Micro-blogging has been defined as a new media technology that enables and extends our ability to communicate, sharing some similarities with broadcast. It allows users to share brief blasts of information (usually in less than 200 characters) to friends and followers from multiple sources including websites, third-party applications, or mobile devices (DeVoe, 2009). Several services including Twitter, Jaiku and Tumblr provide tools that enable this form of communication, although status updates embedded within websites such as Facebook, MySpace, and LinkedIn offer similar functionality. One of the most popular micro-blogging platforms is Twitter. Between April 2008 and April 2009, the number of Twitter accounts rose from 1.6 million to 32.1 million (Vascellaro, 2009). This growth was partially fuelled by increased media attention to Twitter as celebrities such as Oprah Winfrey adopted the service (Cheng et al., 2009). Despite the rapid uptake, Twitter is still only used by a select number of people. In the United States, 11 percent of American adults use Twitter or similar tools (Lenhard and Fox, 2009) and research suggests that 10 percent of prolific Twitter users account for more than 90 percent of messages (Heil and Piskorski, 2009). However, Twitter users tend to be the people who are interested in and engaged with the news. Studies show that the largest single group of tweeters, making up 42 percent, are between the ages of 35 and 49, and that the average Twitter user is two to three times more likely to visit a news website than the average person (Farhi, 2009). Twitter is a flexible system that routes messages sent from a variety of devices to people who have chosen to receive them in the medium they prefer. It asks users the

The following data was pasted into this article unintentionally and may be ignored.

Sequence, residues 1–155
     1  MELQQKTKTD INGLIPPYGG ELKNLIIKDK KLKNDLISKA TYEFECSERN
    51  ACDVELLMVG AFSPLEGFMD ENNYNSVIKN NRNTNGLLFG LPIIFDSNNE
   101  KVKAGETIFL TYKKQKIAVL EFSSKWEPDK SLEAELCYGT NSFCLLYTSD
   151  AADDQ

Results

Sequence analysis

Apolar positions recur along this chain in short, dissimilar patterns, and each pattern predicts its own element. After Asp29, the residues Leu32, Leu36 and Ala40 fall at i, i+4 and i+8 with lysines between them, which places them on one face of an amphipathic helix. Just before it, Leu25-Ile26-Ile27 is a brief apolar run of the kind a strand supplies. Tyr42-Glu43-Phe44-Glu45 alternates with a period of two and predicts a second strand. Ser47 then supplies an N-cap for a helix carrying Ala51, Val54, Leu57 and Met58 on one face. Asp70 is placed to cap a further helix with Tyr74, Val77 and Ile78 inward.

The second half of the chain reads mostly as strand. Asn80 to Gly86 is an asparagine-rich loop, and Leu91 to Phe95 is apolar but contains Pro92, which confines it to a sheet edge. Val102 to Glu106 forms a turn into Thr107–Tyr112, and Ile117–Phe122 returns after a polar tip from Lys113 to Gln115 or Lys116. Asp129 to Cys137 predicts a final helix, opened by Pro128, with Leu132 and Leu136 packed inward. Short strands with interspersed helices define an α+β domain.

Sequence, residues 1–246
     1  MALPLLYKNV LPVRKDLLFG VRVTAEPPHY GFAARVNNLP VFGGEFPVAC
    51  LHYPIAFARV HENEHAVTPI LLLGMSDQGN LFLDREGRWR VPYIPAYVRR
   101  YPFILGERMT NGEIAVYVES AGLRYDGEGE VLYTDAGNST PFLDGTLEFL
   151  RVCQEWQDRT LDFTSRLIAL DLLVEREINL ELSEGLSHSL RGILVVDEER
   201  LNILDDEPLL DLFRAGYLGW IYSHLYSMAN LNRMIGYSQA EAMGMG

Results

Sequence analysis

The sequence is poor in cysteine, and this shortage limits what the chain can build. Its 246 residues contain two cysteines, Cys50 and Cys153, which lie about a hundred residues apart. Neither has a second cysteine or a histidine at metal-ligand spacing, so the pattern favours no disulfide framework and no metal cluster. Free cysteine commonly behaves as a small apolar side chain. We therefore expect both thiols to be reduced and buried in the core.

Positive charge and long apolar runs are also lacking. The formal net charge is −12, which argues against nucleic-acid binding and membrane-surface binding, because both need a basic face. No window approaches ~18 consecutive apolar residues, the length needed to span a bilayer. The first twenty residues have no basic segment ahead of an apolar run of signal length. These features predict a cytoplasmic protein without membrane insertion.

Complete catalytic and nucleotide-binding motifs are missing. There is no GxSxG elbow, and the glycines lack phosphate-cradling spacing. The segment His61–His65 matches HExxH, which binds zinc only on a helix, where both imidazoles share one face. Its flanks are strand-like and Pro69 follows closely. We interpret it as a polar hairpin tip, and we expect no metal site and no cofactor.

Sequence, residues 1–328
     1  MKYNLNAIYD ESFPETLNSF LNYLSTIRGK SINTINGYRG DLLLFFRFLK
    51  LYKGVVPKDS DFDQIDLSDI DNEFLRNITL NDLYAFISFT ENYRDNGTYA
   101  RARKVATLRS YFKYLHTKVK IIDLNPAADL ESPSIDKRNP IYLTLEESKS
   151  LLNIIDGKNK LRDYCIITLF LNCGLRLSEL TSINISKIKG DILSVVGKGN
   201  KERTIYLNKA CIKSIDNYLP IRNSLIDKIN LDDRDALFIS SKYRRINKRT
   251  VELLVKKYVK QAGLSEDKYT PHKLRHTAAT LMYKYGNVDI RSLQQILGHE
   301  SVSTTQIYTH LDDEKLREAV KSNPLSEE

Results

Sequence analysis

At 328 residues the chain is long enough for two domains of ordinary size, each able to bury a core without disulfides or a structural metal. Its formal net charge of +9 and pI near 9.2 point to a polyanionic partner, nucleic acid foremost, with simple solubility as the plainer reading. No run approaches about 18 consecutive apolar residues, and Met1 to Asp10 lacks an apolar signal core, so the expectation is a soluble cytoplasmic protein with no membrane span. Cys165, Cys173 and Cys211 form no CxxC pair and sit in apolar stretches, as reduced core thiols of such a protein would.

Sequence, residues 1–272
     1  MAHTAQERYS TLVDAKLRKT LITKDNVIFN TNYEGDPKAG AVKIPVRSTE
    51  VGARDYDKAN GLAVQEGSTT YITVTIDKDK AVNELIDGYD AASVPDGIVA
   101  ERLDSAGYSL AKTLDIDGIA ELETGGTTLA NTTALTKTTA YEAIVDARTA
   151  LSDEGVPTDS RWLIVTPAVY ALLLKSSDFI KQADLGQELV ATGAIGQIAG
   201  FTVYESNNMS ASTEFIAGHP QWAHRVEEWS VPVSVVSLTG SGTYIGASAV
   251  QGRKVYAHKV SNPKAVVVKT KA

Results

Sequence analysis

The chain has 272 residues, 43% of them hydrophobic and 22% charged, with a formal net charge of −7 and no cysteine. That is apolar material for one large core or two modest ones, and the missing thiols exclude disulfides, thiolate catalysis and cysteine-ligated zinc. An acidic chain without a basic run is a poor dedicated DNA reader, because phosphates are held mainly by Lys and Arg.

TWITTERING THE NEWS